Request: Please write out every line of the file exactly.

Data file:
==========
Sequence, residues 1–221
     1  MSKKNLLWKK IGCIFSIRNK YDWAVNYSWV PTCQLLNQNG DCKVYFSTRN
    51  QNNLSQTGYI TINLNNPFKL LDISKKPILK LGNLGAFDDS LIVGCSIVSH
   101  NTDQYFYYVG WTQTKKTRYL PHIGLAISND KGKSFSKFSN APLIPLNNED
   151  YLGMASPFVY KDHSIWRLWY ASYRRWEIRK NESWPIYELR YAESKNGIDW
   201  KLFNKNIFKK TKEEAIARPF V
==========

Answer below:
Sequence, residues 1–221
     1  MSKKNLLWKK IGCIFSIRNK YDWAVNYSWV PTCQLLNQNG DCKVYFSTRN
    51  QNNLSQTGYI TINLNNPFKL LDISKKPILK LGNLGAFDDS LIVGCSIVSH
   101  NTDQYFYYVG WTQTKKTRYL PHIGLAISND KGKSFSKFSN APLIPLNNED
   151  YLGMASPFVY KDHSIWRLWY ASYRRWEIRK NESWPIYELR YAESKNGIDW
   201  KLFNKNIFKK TKEEAIARPF V